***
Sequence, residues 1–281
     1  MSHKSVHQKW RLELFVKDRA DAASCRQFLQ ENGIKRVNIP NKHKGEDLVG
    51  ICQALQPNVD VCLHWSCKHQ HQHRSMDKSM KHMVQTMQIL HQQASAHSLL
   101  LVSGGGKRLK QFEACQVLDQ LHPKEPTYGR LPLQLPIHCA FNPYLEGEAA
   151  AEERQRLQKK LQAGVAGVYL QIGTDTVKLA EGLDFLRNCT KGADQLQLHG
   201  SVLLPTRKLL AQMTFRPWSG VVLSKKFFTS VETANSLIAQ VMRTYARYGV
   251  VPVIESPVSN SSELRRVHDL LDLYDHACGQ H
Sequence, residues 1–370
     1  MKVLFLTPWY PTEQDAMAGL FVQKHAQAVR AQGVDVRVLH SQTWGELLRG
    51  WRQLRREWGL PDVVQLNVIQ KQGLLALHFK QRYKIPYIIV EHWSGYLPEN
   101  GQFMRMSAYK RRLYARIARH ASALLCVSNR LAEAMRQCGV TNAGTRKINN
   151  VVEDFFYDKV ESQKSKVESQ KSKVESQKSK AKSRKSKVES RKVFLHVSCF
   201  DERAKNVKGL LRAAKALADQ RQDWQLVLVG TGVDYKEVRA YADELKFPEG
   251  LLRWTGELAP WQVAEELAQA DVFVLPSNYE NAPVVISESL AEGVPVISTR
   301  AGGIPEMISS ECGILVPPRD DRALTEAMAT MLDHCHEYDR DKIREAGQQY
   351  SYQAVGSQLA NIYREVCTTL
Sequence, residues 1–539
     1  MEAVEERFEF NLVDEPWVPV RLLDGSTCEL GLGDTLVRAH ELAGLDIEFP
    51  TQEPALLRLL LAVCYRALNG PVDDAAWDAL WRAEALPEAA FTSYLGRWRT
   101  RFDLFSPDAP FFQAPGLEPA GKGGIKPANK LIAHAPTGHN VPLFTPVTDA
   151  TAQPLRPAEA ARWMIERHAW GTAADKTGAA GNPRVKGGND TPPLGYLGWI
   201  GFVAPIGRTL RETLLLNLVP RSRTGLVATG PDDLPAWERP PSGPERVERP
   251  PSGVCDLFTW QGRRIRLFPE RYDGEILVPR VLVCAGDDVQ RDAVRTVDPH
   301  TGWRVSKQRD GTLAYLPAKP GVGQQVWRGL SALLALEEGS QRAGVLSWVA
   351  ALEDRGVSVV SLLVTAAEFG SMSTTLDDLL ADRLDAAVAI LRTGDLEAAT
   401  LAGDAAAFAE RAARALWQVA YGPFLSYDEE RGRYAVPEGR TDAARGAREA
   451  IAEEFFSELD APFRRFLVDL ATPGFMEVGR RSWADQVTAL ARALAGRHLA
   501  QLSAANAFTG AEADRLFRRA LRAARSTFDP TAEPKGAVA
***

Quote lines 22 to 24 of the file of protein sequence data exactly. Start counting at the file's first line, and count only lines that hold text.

   201  GFVAPIGRTL RETLLLNLVP RSRTGLVATG PDDLPAWERP PSGPERVERP
   251  PSGVCDLFTW QGRRIRLFPE RYDGEILVPR VLVCAGDDVQ RDAVRTVDPH
   301  TGWRVSKQRD GTLAYLPAKP GVGQQVWRGL SALLALEEGS QRAGVLSWVA